David Oyelowo, Felicity Jones and Eddie Redmayne are three of the five Brits included in the 'Vanity Fair' Hollywood gatefold / Getty Images

A star’s position in the magazine's annual Hollywood shot speaks volumes

Ever since the line-up for the cover of Vanity Fair’s annual Hollywood issue was announced earlier this week, our country’s media has been triumphantly air-punching at the number of Brits that make an appearance on the special gatefold cover (five out of 10, to be precise), which comes out today. 

Short of actually taking home a gold statuette at the Oscars, making the magazine’s annual hot list, which comprises only the most in-demand and talked-about stars of the year (as long as their faces tick all the right boxes, of course), is considered the highest honour during Hollywood’s backslapping awards season.

So there is a weary-looking Felicity Jones, perched on the knee of Benedict Cumberbatch, while David Oyelowo drapes his arm over Eddie Redmayne, and Sienna Miller flashes her crotch. Go, Brits!

 

But, on closer inspection, you’ll see that none of our nation’s pride actually appears on the cover; that honour is reserved for Amy Adams, Reese Witherspoon and Channing Tatum. Meanwhile, Rada’s finest have been relegated to – the horror – the fold-out.

That’s the thing about the gatefold cover: where you end up on it says an awful lot about your standing. Put it this way, if it was a fashion show, the cover is front row, second fold is second row, and just pity the third. Poor Miles Teller. Good for him for showing up at all.

So how are these kinds of shoots produced? Are all the stars trying to elbow their way to the right, knowing it will secure them a  prime spot on the cover? Or are things slightly more managed?

I ask Andy Cowles, global creative director of Ink Global, and a former art director of Rolling Stone, what publications are looking for when arranging the line-up. Longevity of stardom? Nailing the current zeitgeist? “What you’re really thinking about is the publicists,” he laughs. “And how to make everyone agree with the positioning. It’s a political piece of work. Everything is contracted beforehand. Imagine if someone signed up for it, showed up, and found out they were on the turn? Everyone knows where they’re ending up.”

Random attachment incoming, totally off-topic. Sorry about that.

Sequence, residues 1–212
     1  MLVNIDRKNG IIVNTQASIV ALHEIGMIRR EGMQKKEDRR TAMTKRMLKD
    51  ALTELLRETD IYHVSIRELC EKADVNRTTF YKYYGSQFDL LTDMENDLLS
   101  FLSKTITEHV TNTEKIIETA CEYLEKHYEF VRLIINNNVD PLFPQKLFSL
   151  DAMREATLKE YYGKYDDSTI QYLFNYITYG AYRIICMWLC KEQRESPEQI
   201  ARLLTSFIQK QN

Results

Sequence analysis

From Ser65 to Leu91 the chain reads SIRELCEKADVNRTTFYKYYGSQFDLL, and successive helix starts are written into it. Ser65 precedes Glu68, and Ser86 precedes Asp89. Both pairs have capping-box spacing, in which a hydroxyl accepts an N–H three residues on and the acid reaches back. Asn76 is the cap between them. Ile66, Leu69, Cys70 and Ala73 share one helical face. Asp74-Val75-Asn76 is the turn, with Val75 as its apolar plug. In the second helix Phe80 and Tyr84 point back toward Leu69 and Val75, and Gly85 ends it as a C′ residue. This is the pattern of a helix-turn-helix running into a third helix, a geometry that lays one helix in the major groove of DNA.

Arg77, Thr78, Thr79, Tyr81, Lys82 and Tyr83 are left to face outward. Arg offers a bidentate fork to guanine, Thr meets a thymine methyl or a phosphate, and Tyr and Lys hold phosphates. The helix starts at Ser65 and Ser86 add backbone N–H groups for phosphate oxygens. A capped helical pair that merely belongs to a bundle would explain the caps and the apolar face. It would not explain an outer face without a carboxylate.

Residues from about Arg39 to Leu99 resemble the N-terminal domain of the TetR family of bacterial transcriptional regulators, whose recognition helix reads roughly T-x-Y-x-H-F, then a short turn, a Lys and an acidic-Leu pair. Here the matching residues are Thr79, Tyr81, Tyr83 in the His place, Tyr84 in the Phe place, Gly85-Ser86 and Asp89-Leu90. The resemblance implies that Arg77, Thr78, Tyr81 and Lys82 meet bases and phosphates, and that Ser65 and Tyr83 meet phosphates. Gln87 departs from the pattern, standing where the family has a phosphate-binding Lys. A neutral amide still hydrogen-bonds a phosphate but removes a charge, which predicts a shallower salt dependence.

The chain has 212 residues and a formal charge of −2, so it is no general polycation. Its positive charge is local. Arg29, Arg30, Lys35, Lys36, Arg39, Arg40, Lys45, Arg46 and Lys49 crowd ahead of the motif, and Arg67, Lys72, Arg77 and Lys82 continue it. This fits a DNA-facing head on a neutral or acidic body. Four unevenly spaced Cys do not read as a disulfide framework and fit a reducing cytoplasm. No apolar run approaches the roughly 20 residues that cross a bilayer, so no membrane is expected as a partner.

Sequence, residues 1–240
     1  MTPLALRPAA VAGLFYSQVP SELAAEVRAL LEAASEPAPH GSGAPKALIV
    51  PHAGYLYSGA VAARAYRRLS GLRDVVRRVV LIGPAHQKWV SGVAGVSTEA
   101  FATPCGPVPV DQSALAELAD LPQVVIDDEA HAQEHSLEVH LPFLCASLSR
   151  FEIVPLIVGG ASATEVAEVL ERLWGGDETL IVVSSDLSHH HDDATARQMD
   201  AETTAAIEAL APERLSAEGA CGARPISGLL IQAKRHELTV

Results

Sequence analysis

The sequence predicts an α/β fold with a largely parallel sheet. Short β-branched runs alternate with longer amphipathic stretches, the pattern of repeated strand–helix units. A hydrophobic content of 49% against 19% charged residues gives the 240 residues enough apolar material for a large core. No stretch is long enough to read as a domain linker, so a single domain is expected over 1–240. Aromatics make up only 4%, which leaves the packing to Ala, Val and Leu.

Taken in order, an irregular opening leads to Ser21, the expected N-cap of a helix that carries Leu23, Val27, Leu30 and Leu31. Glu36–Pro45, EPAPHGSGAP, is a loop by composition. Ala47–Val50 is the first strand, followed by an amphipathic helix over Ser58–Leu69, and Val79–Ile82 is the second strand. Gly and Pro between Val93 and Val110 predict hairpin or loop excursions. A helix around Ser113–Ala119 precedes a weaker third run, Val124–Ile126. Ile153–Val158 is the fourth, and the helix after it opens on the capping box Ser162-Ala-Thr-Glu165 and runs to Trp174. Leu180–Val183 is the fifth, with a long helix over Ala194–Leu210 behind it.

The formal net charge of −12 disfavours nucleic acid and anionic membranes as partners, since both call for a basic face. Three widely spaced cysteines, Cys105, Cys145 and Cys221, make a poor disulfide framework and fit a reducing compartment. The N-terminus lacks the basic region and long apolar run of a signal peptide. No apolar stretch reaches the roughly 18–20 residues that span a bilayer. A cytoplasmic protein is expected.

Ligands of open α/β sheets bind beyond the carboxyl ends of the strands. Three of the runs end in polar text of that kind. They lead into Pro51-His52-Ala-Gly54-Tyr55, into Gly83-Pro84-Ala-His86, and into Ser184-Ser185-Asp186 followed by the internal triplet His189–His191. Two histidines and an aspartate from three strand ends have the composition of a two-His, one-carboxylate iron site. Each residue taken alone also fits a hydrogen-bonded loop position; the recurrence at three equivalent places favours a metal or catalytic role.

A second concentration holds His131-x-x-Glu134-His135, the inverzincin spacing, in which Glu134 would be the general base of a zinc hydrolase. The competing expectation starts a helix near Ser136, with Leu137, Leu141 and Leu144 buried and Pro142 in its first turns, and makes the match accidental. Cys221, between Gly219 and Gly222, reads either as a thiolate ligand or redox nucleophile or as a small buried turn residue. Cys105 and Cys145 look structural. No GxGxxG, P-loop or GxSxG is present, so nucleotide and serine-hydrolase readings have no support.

Sometimes, however, things can’t be planned so well in advance. When Q magazine hastily arranged a line-up of rock and pop talent at its annual awards show in 1999 to make an impressive-looking gatefold cover, there were some awkward manoeuvrings to be had as everyone piled in.

An insider who worked on the shoot tells me that The Chemical Brothers were, naturally, standing next to each other. But the editor only wanted Tom – not Ed – on the cover, along with Keith Richards, Damon Albarn and Travis’s Fran Healy. And so it was left to a runner to lead Ed to his seat on the second row. Oh, the indignity.

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Q magazine split up Tom (left) and Ed (right) for their shoot (Getty)

Of course, busy schedules mean that the stars of a gatefold cannot always be photographed together. One only needs to take a look at US Vogue’s “The Instagirls!” extended cover from last September, featuring models of the moment, to realise that Photoshop often plays its part (check out Arizona Muse’s severed left arm).

Photographer Annie Leibovitz, however, would like it to be known that this year’s Vanity Fair cover was indeed all one shot, thank you very much.

“It looks fairly simple, but in fact it was difficult,” she told the magazine. “Usually, you shoot from fairly far away, but we wanted to get really close to the actors. We made an effort to create a feeling of intimacy.”

But with so many complications, why do gatefolds at all? “It’s for magazines to celebrate their access and power,” says Cowles. “They’re very expensive to produce and they only occur if you can sell the ads on the other side, or if it’s an investment of their brand. But these covers can become moments in time; unarguable statements of who’s who and what’s what.”

That’s not to say that publishers don’t sometimes get it wrong. And looking back over past issues, it can be amusing to see where an editor has made a questionable choice.

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Fred Durst infiltrated a 2003 'Monsters of Rock' special (Getty)

Rolling Stone’s 2003 “Monsters of Summer Rock” gatefold, which Cowles worked on, had Marilyn Manson, Ozzy Osbourne and Metallica’s James Hetfield on the cover. It would be a very strong, still-relevant line-up, if it wasn’t for Fred Durst giving the sign of the horns as well. Meanwhile, Dave Grohl, now arguably a bigger star than all the rest, languishes on the inside fold, along with rock’s forgotten lover of eyeliner, Dave Navarro, and some others.

Vanity Fair has made a number of missteps, too (not least including only five people of colour out of a possible 70 in Hollywood-issue cover posts up for grabs since 1995). Then there’s Jennifer Jason Leigh’s appearance on the 1995 cover at the expense of Gwyneth Paltrow and Sandra Bullock, who were downgraded to the fold. Surely only the most fanatical IMDb researcher would even know who Alison Elliot (class of ’97) is. And – wait – Selma Blair actually appeared twice?

So Adams, Witherspoon and Tatum can feel smug today. But in the future, who knows? Perhaps time will prove VF’s editor Graydon Carter a fool to sideline the Brits. Or maybe it will just be a case of Benedict who?

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